The first larval stage (instar 1, 400 to 500 µm in length) has a brownish-orange colour, a red nauplius eye in the head region and three pairs of appendages, i.e. the first antennae (sensorial function), the second antennae (locomotory and filter-feeding function) and the mandibles (food uptake function). The ventral side is covered by a large labrum (food uptake and transfer of particles from the filtering setae into the mouth). The instar 1 larva does not take up food as its digestive system is not yet functional; it relies completely on its yolk reserves. After about 8 h, the animal moults into the second larval stage (instar 2). Small food particles (e.g. algal cells, bacteria, detritus) ranging in size from 1 to 50 µm are filtered out by the second antennae and ingested into the now functional digestive tract. The larva grows and differentiates through a number of moults: one naupliar, four metanauplia, seven postmetanauplia and five postlarval stages have been described (Hentschel, 1968; Schrehardt, 1987).

Paired lobular appendages appear in the trunk region and differentiate into thoracopods (see Pictures). On both sides of the nauplius eye lateral complex eyes begin to develop (see Pictures). From the tenth instar stage on, important morphological as well as functional changes begin to take place i.e. the antennae lose their locomotory function and undergo sexual differentiation. In males (see Pictures) they develop into hooked graspers, whereas the female antennae degenerate into sensorial appendages (see Pictures). The thoracopods are now differentiated into three functional parts (see Pictures): i.e. the telopodites and endopodites (locomotory and filter feeding), and the membranous exopodites (gills).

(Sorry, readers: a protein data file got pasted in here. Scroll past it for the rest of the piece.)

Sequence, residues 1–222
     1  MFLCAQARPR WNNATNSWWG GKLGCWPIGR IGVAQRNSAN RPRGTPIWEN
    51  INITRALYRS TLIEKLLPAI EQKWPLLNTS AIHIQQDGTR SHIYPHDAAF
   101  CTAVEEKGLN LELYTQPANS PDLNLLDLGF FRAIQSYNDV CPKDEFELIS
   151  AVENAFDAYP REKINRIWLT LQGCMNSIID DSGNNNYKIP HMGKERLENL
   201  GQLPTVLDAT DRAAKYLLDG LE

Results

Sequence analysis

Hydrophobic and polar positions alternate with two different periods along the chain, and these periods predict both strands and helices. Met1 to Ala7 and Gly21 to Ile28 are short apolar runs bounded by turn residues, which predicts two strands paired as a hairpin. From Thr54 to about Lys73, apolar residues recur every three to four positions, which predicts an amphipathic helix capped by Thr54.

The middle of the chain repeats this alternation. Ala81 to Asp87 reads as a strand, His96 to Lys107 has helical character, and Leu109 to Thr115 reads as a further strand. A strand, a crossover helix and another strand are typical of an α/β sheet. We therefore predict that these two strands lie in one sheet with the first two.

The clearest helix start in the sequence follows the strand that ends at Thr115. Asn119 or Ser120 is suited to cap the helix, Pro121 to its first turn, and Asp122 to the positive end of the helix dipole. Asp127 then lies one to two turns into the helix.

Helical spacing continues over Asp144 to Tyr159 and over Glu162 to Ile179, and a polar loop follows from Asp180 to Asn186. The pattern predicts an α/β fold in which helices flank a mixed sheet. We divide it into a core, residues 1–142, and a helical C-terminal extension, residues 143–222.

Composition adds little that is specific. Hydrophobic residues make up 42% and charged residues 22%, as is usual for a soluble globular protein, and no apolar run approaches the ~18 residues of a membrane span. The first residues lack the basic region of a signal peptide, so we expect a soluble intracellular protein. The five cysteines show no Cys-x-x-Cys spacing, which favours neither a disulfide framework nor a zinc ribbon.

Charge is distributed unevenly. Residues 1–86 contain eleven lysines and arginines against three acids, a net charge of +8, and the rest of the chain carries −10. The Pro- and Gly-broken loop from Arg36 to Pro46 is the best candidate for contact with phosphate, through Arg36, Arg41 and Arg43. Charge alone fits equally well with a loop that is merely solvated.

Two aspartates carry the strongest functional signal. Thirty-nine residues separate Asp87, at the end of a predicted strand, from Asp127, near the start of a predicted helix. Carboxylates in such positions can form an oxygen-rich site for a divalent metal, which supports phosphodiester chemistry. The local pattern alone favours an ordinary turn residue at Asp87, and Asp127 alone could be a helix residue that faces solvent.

Adult Artemia are typical primitive arthropods (8-12 mm in length) having an elongated segmented body with two stalked complex eyes, a linear digestive tract, sensorial antennulae, a pair of functional thoracopods on each of the 11 thoracic segments, and a furca on the last abdominal segment. The entire body is covered with a thin, flexible exoskeleton of chitin to which muscles are attached internally. The male has a paired penis on the first of the eight abdominal segments (see Pictures). Female Artemia can easily be recognized by the brood pouch or uterus situated in the same segment, just behind the eleventh pair of thoracopods (see Pictures). The female reproductive system consists of ovaries and oviducts leading into the single, median uterus wherein several clusters of shell glands open. The ovaries are paired tubular structures extending into the abdomen (see Pictures). Adult females ovulate approximately every 140 hours, depending on rearing conditions and whether development of embryos occurs oviparously or ovoviviparously. In females, spawning is followed by a moult, after which ovulation takes place. The oviducts emerge from the ovaries near the anterior part of the third abdominal segment (Cassel, 1937). Each oviduct empties into the antero-lateral border of the uterus. The lateral pouches function as seminal receptacles during the time between copulation and fertilization (within 1 hour) (Criel, 1980ab; Benesch, 1969). Once ripe, the eggs developing in the ovaries become spherical and migrate via two oviducts into the unpaired uterus.